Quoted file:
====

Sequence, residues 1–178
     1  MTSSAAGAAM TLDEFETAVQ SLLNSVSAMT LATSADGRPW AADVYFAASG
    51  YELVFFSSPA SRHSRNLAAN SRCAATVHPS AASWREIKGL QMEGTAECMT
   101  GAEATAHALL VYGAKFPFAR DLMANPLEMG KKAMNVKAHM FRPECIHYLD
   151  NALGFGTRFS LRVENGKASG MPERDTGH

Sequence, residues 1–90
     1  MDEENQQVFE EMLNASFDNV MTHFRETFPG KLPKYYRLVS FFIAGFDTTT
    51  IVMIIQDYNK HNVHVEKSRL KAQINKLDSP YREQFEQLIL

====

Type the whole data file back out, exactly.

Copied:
Sequence, residues 1–178
     1  MTSSAAGAAM TLDEFETAVQ SLLNSVSAMT LATSADGRPW AADVYFAASG
    51  YELVFFSSPA SRHSRNLAAN SRCAATVHPS AASWREIKGL QMEGTAECMT
   101  GAEATAHALL VYGAKFPFAR DLMANPLEMG KKAMNVKAHM FRPECIHYLD
   151  NALGFGTRFS LRVENGKASG MPERDTGH

Sequence, residues 1–90
     1  MDEENQQVFE EMLNASFDNV MTHFRETFPG KLPKYYRLVS FFIAGFDTTT
    51  IVMIIQDYNK HNVHVEKSRL KAQINKLDSP YREQFEQLIL